Amplitude scintillation effects on SAR
Research output: Contribution to journal › Article › peer-review
Colleges, School and Institutes
Space-based low-frequency synthetic aperture radar (SAR) is affected by the ionosphere, which induces both phase and amplitude fluctuations, known as scintillation, into the radar signal. This paper describes the effect of amplitude scintillation on SAR imagery. The two-way amplitude and intensity probability density functions (pdf) for both monostatic and bistatic SAR are derived from the one-way Nakagami-m distribution. The moments are then used to determine the SAR radiometric calibration error and image contrast from the one-way S4 index. It is also shown that monostatic SAR experiences an S4-dependent radar cross-section (RCS) enhancement that is not experienced by bistatic SAR. The anisotropy of the ionospheric irregularities strongly affects the degree to which amplitude scintillation will be visible in SAR imagery. The description of anisotropic effects is reviewed and extended to cover SAR. The variation over the Earth is illustrated, showing that a sun-synchronous satellite will experience the strongest effect near Brazil. Two PALSAR images of the same area of Brazilian rainforest are compared, one of which shows azimuthal streaking, corresponding to an amplitude modulation of ± 1 dB. The one-way S4 index is determined from this imagery using both the RCS enhancement and image contrast measures of S4, which produce similar results.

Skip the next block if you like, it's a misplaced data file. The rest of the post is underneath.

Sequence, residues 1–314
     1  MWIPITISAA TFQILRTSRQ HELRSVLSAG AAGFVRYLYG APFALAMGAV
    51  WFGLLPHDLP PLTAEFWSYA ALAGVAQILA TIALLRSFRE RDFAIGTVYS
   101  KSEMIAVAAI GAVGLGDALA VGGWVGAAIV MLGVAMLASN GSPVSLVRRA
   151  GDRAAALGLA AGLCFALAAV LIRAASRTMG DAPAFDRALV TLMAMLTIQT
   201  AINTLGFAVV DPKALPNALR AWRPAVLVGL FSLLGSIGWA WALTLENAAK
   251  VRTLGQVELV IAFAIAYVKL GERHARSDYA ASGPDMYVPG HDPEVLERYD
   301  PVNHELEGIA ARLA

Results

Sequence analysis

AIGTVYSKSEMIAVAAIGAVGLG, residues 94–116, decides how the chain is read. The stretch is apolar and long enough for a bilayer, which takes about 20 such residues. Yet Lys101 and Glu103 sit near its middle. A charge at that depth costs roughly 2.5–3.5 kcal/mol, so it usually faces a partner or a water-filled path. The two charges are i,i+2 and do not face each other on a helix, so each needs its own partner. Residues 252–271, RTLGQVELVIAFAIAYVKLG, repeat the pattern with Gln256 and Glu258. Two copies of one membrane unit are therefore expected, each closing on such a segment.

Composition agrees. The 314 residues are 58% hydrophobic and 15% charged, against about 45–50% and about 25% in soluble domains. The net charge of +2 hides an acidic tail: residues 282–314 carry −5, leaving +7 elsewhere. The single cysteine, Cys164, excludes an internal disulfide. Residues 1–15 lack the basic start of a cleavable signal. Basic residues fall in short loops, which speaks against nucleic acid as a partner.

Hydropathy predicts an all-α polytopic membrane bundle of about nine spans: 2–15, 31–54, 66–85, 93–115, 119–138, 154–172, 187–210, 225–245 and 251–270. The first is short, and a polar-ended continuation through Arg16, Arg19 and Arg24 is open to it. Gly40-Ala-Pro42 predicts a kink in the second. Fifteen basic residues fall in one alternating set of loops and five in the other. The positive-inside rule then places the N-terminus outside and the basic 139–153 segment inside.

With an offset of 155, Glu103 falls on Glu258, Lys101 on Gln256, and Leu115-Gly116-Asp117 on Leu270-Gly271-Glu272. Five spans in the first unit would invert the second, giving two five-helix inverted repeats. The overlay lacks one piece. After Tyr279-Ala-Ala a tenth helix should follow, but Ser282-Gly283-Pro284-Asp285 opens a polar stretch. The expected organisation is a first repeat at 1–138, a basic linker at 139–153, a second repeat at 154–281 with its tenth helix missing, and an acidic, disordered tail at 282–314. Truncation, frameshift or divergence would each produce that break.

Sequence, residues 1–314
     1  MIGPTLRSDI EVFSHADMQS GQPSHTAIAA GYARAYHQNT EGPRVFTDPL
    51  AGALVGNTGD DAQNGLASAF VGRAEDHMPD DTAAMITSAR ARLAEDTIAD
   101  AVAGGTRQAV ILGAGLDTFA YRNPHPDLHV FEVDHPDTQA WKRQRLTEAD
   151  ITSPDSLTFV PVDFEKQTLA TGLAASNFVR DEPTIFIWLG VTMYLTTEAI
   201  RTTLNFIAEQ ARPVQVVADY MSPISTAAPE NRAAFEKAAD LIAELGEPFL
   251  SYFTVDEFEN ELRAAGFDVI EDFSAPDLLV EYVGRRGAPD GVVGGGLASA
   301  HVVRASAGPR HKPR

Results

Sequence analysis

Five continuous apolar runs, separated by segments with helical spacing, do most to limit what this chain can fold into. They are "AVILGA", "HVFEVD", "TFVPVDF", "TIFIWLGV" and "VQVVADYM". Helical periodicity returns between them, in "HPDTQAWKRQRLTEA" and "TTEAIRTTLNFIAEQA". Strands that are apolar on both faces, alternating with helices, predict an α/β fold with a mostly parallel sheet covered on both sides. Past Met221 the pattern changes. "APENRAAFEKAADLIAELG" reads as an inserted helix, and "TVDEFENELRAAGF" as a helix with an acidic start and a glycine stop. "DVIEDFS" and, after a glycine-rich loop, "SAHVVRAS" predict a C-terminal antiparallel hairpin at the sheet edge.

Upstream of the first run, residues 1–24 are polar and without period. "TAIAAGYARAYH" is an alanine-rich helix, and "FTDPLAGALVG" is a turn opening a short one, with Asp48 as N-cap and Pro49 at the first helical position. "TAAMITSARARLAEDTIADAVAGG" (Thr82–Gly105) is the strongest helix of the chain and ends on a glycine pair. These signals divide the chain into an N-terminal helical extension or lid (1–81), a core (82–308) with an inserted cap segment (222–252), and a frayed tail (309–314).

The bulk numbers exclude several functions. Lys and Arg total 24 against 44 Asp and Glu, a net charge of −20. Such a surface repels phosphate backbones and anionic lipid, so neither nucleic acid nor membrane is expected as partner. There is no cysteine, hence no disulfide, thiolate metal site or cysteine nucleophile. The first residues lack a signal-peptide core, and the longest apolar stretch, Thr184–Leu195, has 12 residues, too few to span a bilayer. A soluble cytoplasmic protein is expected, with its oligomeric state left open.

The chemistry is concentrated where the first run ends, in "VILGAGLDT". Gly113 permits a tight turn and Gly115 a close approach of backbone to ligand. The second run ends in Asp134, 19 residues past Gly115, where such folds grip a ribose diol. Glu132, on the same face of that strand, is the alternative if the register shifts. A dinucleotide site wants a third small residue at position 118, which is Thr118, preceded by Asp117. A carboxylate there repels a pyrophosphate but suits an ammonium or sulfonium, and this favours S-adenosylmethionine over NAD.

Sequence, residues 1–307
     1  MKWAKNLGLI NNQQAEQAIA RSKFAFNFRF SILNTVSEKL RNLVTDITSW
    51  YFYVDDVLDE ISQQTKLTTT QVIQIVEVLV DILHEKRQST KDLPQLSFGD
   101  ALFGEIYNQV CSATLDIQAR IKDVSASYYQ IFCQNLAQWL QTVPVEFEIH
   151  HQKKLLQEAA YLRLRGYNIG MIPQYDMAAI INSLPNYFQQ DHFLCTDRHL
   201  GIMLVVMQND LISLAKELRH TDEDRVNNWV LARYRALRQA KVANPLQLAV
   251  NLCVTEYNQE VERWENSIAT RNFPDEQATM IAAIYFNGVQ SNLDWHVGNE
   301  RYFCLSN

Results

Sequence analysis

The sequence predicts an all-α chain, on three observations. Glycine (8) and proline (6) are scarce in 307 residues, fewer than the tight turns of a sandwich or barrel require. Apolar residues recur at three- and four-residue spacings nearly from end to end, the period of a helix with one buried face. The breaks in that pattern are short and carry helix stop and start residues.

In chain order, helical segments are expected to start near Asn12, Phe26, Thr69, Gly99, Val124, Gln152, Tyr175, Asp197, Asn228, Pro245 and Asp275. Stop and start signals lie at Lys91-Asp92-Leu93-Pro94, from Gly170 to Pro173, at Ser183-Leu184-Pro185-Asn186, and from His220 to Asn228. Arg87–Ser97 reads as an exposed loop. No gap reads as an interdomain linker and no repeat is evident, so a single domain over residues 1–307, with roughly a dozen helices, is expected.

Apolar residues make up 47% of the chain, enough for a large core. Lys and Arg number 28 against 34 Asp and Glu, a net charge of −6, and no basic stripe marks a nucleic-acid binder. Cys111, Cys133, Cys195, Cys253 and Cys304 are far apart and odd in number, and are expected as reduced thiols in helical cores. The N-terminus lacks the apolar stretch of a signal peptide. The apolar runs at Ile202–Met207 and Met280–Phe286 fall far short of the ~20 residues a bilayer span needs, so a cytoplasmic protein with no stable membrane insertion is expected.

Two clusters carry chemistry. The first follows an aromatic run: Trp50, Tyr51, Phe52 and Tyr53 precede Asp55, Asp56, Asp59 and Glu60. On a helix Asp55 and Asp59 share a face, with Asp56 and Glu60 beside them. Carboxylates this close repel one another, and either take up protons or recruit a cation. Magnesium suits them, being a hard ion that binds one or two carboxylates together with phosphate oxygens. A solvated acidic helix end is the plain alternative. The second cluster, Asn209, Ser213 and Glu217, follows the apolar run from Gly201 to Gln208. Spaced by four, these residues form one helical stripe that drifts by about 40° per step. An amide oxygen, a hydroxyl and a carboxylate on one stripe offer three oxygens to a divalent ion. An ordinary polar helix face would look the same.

|Number of pages||9|
|Journal||IET Radar, Sonar and Navigation|
|Publication status||Published - 1 Jun 2014|